I recently spent Thanksgiving at home in New Jersey and after the customary turkey-night-black Friday-morning weekend (I got a toaster and a black eye), we decided to wind down by watching a play. We ended up at the Hopewell Theatre on Saturday. As the crescendo of music started and the red curtains shimmied their way up the stage, I realized, there are so many similarities between content marketing and a good, unforgettable play.
Act 1: Suck ‘Em In
Think about the last time you watched a movie. It’s generally the first ten-fifteen minutes that hook you in, let you decide if you want watch the rest of the movie, and make the most impact regarding what you expect from the film.
This is Act 1 of the script. Like any good content marketing strategy, this is just the beginning. A great strategy highlights the brand’s USP before expecting consumers to root for it. The same way that Act 1 of a play begins with establishing character traits. Is our hero brave? An underdog? Naïve? Is our brand solving a problem? Helping us relax? Making us feel a certain way?
Once that is established in the minds of the consumer, buying and brand loyalty follow.
Act 2: Pull out the wallets
Any content strategy worth its salt inspires consumers to buy a product or service. This is Act 2. This is what inspires the audience to root for the hero. If an audience does not root for the hero, the likelihood of paying attention till the end is pretty much zero.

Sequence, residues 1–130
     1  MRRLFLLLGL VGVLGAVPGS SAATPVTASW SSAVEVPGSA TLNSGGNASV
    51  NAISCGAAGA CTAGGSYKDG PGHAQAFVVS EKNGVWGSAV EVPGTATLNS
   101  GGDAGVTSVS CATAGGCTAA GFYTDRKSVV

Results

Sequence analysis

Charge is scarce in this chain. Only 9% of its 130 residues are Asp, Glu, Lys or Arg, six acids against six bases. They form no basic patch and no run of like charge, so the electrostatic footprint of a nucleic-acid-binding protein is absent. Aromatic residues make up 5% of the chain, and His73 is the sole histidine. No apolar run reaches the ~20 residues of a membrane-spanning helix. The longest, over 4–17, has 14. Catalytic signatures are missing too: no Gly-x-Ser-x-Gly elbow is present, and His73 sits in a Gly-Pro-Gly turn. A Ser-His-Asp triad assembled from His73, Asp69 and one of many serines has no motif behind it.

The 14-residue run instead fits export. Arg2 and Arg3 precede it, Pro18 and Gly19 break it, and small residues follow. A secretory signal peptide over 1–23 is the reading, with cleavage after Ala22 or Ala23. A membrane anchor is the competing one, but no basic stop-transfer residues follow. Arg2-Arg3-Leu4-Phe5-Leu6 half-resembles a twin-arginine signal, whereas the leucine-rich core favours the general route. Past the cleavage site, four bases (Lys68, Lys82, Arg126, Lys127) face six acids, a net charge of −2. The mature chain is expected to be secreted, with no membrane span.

From a content strategy point of view, your content must always have a unified theme. Straying away from the brand image or communication style can cause a disruption in the minds of the consumers. Whether they realise it or not, suddenly, they like you a lot lesser.
To create a content strategy that inspires brand loyalty, you must work on creating a proper brand image. For this, you must establish consistency in:
- Target audience
- Categories of content
- Point of view
Act 3: The conclusion
If you want to create a specific strategy that has a beginning and an end, you must have a solid conclusion. Like the end of a great movie, it needs to provoke some sort of a reaction. Think about the reaction your content should provoke. Is it an emotion? Is it a tangible win (like at the end of a contest)? Is it more sales? By defining this, you can chart out the path your content strategy needs to follow. In a play, if the end goal is for the hero to get the girl, then how does he get to that point? This can help you significantly in crafting the life cycle of the strategy too.
A good play and a great content strategy have audience attention in common. If you can make your target audience pay attention every time you post, you’re doing a great job!